Powerful Solutions

by Frank Condron

Anyone who has ever glanced at a schematic diagram for a truck can understand why there are people called electricians. Luckily, it’s easier to find a problem with an electrical system than it is to build one.

On paper, a complex electrical system looks like a spider’s web of colored wires and connections. There is a separate line for every wire leading to even the tiniest dashboard light. But although the system itself looks complicated, the way it works is not. Electricity is like water: it flows from its source along the established channels until it can’t flow anymore. If the flow is interrupted for some reason, or if the source is cut off, the system stops working.

Unlike some mechanical problems, which often don’t show themselves until real damage is done, electrical problems are easy to spot – a bulb is out; a fuse blows; a fan won’t come on. If you spot a problem, finding the cause is as simple as tracing the electrical path from the component back to the battery. Somewhere along the line, the flow of electricity is being interrupted.

Once you know where the interruption is, you can usually patch it or bypass it so you can get on your way.

Unfortunately, though, there are some electrical problems which can be fixed only in the shop.

Since the battery is the source of power for the electrical system, it is often the best place to begin troubleshooting. The most basic electrical problem is no power on start-up – you turn your key and hear the familiar click-click-click from the starter solenoid. A boost might be enough to get you going, but it won’t solve the problem.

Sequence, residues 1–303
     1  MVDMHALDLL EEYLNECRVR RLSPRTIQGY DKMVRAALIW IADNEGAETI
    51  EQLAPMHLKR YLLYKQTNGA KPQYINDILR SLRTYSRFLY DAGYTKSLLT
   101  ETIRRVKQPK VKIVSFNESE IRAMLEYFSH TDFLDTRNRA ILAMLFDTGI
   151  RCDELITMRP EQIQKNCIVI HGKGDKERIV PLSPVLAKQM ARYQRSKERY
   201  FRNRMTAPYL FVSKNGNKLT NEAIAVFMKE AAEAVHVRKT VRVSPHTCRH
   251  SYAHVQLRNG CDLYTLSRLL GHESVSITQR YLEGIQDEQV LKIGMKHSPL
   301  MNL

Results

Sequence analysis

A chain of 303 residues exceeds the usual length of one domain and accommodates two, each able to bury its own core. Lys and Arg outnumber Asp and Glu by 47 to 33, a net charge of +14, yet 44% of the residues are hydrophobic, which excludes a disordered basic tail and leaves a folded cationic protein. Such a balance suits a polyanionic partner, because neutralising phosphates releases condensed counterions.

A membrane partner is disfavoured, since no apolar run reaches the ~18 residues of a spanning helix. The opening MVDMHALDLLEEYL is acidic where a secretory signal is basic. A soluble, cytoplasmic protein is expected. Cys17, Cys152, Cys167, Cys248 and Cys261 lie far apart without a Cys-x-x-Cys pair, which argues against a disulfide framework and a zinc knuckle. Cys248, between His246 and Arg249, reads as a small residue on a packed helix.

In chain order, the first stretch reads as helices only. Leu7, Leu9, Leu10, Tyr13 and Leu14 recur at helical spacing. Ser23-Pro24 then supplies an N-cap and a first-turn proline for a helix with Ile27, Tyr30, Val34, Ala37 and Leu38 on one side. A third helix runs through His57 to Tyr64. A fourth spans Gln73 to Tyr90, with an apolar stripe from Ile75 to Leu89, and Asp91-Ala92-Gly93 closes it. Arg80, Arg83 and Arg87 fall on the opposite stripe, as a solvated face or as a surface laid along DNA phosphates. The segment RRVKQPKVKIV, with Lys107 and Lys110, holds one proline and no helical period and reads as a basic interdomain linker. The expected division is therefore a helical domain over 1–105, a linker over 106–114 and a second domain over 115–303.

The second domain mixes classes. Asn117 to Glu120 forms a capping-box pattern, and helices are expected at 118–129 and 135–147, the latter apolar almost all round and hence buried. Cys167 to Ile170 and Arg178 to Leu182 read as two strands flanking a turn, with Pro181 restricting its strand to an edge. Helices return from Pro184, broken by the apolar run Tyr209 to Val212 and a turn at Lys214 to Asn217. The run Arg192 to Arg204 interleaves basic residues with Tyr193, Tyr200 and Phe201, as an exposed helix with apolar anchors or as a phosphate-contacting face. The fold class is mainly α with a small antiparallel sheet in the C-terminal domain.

If you have no power on start-up, the first thing to do is check the battery cables, says Alban Gaudet, maintenance manager for Armour Transportation in Moncton, N.B. and former Canadian Fleet Maintenance Manager of the Year.

“Lots of times, the battery posts are corroded or the cable is breaking off at the post,” Gaudet says. “A driver should have a wire brush to clean all the contact points and worn-out cables should be replaced as soon as possible.”

If the battery cables look good, the problem might be with the battery itself. Look inside to see if there is any electrolyte. If the battery is cracked, it can easily leak out.

But there are a number of reasons why a battery might not be able to power up a vehicle. A build-up of sulfur on the lead plates inside can lower the battery’s output, and a broken plate can cause a dead short.

If you have any doubt about the fitness of a battery, get it load tested before you hit the road.

“Generally, a truck battery will last about two or three years,” says Gary Faulkner, service manager for Canada Cartage. “But if you are doing a lot of cold-weather starts, where you have to really draw down on the batteries to get the engine going, or operating an electric tailgate, you will wear them out faster.”

If you have been experiencing battery problems, it is a good idea to have your alternator tested to ensure it is replacing the charge in the batteries at the rated output.

If you know the power source is working, you can then start eliminating other possible causes for your electrical problem.

A blown fuse or breaker can account for many minor gliches, but fuses and breakers that blow constantly may indicate a bigger problem.

“Breakers tripping and fuses blowing constantly are usually caused by a short in the system,” says Faulkner, “an exposed wire rubbing up against the frame or a loose ground wire. Fuses also blow when an old electrical component, like a heater or air conditioning fan, draws too much power.”

Loss of power to the trailer can almost always be traced to the pigtail, says John Lewis, maintenance manager for SLH Transport and 1999 Canadian Fleet Maintenance Manager of the Year.

With the constant twisting, turning and swinging that goes on behind the cab, it is easy to lose the connection.

“Sometimes you will find the seven pin connectors in the male end of the light cord get pushed together and don’t plug in as well,” Lewis says. “If you take a penknife and slowly push them straight again, it will make a better connection.”

If you are just talking about one light or signal, it could be a broken wire. But finding a broken or exposed wire can be like looking for a needle in a haystack. If you do find it, a quick twist and a piece of electrical tape should get you back to the shop.

Don’t live with the Band-Aid solution, though, because it will come back to haunt you. Replace broken or exposed wires as soon as possible, says Lewis – for safety reasons, if nothing else.